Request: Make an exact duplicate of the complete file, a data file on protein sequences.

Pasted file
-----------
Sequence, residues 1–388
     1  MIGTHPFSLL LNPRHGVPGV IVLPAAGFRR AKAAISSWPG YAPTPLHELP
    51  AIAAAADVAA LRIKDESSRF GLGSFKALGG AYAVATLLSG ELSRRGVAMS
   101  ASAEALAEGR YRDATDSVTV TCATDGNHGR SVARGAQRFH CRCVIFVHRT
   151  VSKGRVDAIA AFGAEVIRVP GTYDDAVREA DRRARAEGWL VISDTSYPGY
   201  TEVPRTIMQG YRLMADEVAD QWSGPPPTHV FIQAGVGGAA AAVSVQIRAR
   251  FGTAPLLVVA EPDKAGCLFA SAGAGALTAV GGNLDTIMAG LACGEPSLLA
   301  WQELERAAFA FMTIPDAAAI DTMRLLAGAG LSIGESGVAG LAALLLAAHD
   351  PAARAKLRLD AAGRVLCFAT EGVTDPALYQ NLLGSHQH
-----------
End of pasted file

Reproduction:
Sequence, residues 1–388
     1  MIGTHPFSLL LNPRHGVPGV IVLPAAGFRR AKAAISSWPG YAPTPLHELP
    51  AIAAAADVAA LRIKDESSRF GLGSFKALGG AYAVATLLSG ELSRRGVAMS
   101  ASAEALAEGR YRDATDSVTV TCATDGNHGR SVARGAQRFH CRCVIFVHRT
   151  VSKGRVDAIA AFGAEVIRVP GTYDDAVREA DRRARAEGWL VISDTSYPGY
   201  TEVPRTIMQG YRLMADEVAD QWSGPPPTHV FIQAGVGGAA AAVSVQIRAR
   251  FGTAPLLVVA EPDKAGCLFA SAGAGALTAV GGNLDTIMAG LACGEPSLLA
   301  WQELERAAFA FMTIPDAAAI DTMRLLAGAG LSIGESGVAG LAALLLAAHD
   351  PAARAKLRLD AAGRVLCFAT EGVTDPALYQ NLLGSHQH